Facing COVID-19: Tutoring company makes learning accessible in online move
A tutoring company has refocused its business to online sessions since the coronavirus lockdown and has seen a 100 per cent increase in sessions since schools shut.
Tutorful, based in Yorkshire, has doubled its online tutoring sessions since the start of the lockdown measures.
Tutorful has also said it is creating jobs where possible. Between March 9 and March 22 this year, it saw a 248 per cent increase in people signing up to be tutors and run online lessons from home.
Previously, the online tutoring platform made up 20 per cent of the business overall.
There has been a surge in demand for primary school tutoring - triple the demand in March compared to February - and the trend continues for secondary school age children.
Lessons for Key Stage 3 have seen a 110 per cent month-on month-increase.
Mark Hughes, co-founder of Tutorful, commented: “Online tutoring used to make up just 20 per cent of our business, it is now 100 per cent - because of social distancing there can obviously be no face-to-face teaching in homes anymore.
“The style of teaching has changed too, with everyone’s change in circumstances.
“Tutoring is usually very outcome based, you’re tutored for an exam for example, but now the need is to keep kids engaged in daily learning as best we can.
“A couple of hours with a tutor whenever possible can really help to do that.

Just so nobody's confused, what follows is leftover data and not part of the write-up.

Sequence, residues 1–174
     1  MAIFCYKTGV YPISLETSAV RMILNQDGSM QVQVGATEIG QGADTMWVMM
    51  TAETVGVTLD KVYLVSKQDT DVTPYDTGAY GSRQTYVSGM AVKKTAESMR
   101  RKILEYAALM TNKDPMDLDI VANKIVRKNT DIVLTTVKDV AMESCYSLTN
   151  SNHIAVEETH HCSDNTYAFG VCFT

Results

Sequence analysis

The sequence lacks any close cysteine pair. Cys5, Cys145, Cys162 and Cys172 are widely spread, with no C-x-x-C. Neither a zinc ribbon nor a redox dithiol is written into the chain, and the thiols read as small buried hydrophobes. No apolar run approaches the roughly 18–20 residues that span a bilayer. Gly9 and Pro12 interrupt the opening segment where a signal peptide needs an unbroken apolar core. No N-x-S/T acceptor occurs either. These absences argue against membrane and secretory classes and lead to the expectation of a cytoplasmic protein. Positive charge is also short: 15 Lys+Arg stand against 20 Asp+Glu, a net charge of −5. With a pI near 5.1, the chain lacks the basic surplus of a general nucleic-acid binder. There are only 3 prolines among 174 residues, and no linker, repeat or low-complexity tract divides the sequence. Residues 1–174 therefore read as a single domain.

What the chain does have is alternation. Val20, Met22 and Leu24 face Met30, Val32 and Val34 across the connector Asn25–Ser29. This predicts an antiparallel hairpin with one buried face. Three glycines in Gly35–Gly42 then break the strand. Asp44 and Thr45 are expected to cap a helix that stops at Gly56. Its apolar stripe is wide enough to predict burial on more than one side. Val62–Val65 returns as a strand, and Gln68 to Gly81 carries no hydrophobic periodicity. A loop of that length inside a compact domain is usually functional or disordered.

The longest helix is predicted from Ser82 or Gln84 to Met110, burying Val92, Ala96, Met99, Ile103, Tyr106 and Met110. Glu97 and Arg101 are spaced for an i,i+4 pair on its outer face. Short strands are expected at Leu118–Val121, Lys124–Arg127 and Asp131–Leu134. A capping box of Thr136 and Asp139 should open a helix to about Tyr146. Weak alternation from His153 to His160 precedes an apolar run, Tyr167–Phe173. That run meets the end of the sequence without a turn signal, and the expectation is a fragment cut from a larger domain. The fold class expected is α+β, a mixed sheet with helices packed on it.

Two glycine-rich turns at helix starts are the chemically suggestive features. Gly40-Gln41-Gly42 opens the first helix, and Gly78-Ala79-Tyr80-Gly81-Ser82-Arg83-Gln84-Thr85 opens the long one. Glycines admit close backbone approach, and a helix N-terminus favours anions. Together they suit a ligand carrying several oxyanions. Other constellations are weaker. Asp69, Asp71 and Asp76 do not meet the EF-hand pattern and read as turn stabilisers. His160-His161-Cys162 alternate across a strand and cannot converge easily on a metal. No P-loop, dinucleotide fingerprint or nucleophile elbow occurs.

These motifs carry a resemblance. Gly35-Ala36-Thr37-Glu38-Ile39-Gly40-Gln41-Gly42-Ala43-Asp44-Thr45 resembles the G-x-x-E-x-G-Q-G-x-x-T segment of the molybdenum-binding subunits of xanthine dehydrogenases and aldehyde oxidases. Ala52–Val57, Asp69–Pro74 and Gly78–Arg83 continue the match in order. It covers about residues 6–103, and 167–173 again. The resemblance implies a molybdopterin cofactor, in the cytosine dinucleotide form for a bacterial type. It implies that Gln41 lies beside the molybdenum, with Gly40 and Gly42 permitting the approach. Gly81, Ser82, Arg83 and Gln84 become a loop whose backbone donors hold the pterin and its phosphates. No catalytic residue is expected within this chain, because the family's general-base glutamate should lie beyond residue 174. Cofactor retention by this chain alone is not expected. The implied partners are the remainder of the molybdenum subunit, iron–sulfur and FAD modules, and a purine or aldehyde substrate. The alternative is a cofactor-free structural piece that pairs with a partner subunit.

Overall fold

“It adds structure to the day and also takes the pressure off parents who are no doubt feeling stressed with the added pressure of trying to homeschool whilst working from home.”
“We’re seeing teachers signing up, tutors who left the profession and are now returning, people completely new to tutoring, students who have found their semester at university has come to an abrupt end, and people with SEN experience which is much needed.
“We’re really pleased that we can keep these people earning money - switching lessons to online for however long the lockdown restrictions continue.”
Tutorful is also looking to help more parents by making tutoring more affordable with more group sessions.
“I’m hearing from parents who have children with three different key stages under one roof - who are struggling to know where to start with homeschooling.
“We also know that paying for an hour of a tutor’s time isn’t possible for everyone. We’re working as quickly as we can on a group classroom-style tutoring experience, where five or six children of a similar school age can be taught by one tutor.
“This gives children some of that peer-to-peer classroom experience which they are in no doubt missing, and will make the cost of a tutor much more affordable to parents.
“We’re hoping it will cost around 60 per cent less than one-on-one tutoring.”
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